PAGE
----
We say: "Factory Floor are a bracing proposition live but they do not make horrible or beastly music for people to pit their resistance or toughness against. As Stephen Morris pointed out on the Quietus yesterday, it reminds him more of Giorgio Morodor than any industrial assault on the senses. The music is not apocalyptic like some extreme metal, avant garde or noise – even though there is a sense in which this is end time music, in the way that all electronic amplified music is. There was a slow, gentle and analogue curve up to the production of this noise that lasted for a century. When it ends it will be abrupt, harsh and digital.
We say: "Other aspects strike me. Weaver's life - rather like that of Kate Bush, albeit on a somewhat more modest level - remains grounded in normality. Children, it seems, providing the perfect antidote to aesthetically damaging traces of celebrity. Herein lies the paradox. Punctuated by such mundanely, it is left to the imagination of Weaver, to stretch to truly progressive levels. Well, that's her quest. It is furthered considerably here and, while modest sales will surely follow, she is slowly forging a powerful and lasting cult appeal."
The Haxan Cloak
We say: "Bobby Krlic's debut album as The Haxan Cloak, which emerged earlier this year through Aurora Borealis, was far more intricate, carefully arranged and accomplished than your average debut. The Haxan Cloak was a set of eight dense, light-starved compositions that, as the project's name suggested, alluded to very British ideas of the occult. Its ragged string drones, groaning low-end and sunken choirs called to mind visions of sodden grey and green moorland, slate barrows and knackered old mining equipment, like a late autumn wander through some of the more isolated regions of the North of England."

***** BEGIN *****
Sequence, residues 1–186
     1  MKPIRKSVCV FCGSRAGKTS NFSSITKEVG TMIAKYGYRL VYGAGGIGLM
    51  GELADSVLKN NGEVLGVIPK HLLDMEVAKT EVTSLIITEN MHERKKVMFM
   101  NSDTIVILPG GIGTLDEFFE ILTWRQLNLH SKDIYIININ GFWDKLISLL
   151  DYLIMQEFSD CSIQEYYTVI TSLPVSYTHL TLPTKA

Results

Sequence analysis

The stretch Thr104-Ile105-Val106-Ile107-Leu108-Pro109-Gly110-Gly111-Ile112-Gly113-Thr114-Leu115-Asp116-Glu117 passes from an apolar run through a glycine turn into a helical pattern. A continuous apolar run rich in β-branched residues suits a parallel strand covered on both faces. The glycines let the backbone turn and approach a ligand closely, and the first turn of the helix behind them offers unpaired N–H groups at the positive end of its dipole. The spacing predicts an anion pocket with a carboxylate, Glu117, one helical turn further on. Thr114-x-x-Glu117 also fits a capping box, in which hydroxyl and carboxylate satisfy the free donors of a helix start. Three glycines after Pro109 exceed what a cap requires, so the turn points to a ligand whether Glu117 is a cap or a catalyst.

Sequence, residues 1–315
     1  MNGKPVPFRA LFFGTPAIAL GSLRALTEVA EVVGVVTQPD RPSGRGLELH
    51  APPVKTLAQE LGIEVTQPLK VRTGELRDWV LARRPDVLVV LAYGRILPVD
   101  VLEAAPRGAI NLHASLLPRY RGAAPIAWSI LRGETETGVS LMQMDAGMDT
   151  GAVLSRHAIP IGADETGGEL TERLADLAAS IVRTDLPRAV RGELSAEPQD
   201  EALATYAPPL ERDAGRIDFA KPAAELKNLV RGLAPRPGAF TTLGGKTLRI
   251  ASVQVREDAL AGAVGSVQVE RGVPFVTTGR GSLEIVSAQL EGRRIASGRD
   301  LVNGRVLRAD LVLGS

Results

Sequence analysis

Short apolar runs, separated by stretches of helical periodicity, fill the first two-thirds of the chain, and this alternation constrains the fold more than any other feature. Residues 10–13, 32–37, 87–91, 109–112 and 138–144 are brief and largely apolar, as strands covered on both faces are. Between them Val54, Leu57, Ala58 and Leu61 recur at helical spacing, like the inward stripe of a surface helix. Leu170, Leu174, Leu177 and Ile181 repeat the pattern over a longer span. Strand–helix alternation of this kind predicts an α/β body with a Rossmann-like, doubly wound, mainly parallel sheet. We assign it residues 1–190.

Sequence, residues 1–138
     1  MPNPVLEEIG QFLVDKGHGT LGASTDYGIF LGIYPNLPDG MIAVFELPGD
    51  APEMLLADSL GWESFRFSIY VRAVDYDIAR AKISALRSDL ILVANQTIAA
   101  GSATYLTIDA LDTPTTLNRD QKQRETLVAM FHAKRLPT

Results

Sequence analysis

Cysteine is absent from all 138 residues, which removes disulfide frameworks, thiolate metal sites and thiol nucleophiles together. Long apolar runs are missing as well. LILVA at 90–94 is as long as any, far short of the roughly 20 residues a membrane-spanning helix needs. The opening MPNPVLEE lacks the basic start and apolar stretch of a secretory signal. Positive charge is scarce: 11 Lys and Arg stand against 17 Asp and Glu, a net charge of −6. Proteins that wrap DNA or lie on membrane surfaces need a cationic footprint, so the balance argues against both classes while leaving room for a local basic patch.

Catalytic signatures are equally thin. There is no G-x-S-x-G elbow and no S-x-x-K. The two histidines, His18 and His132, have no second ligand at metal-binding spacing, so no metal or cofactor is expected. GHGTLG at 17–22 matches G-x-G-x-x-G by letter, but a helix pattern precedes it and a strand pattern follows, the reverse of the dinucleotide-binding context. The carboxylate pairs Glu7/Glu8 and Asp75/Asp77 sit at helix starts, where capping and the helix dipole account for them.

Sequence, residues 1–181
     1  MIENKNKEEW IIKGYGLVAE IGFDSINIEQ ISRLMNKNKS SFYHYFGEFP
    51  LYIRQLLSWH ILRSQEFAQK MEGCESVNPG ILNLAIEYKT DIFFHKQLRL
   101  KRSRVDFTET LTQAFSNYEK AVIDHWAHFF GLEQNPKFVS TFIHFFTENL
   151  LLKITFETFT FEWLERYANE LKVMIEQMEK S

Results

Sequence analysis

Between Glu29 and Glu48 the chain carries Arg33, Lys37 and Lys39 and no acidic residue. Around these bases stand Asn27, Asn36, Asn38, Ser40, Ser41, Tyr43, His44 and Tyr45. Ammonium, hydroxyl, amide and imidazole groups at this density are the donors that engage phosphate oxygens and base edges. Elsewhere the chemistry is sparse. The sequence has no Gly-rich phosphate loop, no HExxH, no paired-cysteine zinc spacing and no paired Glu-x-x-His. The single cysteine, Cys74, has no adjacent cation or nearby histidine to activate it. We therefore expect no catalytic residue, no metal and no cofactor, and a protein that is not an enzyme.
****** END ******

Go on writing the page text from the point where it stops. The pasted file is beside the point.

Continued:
Uncle Acid & The Deadbeats
We say: "With Blood Lust Uncle Acid & The Deadbeats live up to their name. Violent, druggy and hammy, its nine tracks - thick, groovy, riff-driven things, practically dripping with THC - are recorded in brow-beaten low-fidelity for an appropriately cracked, B-movie sort of feel. Blood Lust's production couldn't be a better match for the songs themselves - the drums have half-vanished somewhere in the depths of the mix, drowning behind angry wasp buzz of guitar and razor vocals. It lends everything a driving sense of urgency, even when the band slow everything to a doom metal trudge on 'Curse In The Trees'. An exhilarating listen, one prone to shifting pace on a sixpence, and one gifted with an almighty closer in the shape of lumbering, heavy-lidded beast 'Withered Hand Of Evil'."
Zun Zun Egui
We say: "Katang [is] an album with rock music at its heart, but deflected through an array of hypnotic polyrhythms, pop-up guitars and multilingual vocals. At its bright, colourful best it's as though a carnival's gallivanting through your head, dozens of different touchstones melded together, but done so in a spirit of celebration rather than contemplation. What's striking about Zun Zun Egui is an unspoken belief in this land."
We say: "Indie hip hop's second play for the big time this year and a salutary reminder that mainstream rap is one 50 Cent single away from its Warren - 'Cherry Pie' moment, Ex-Military is a monumental blow for the underground. Connives Mr Ride on 'Guillotine': "Sit in the dark and ponder / how I'm fit to make the bottom fall through the floor / And they all fall down!" Let’s hope so - a gold guillotine to complacency, or it's back to the 'Candy Shop' we go."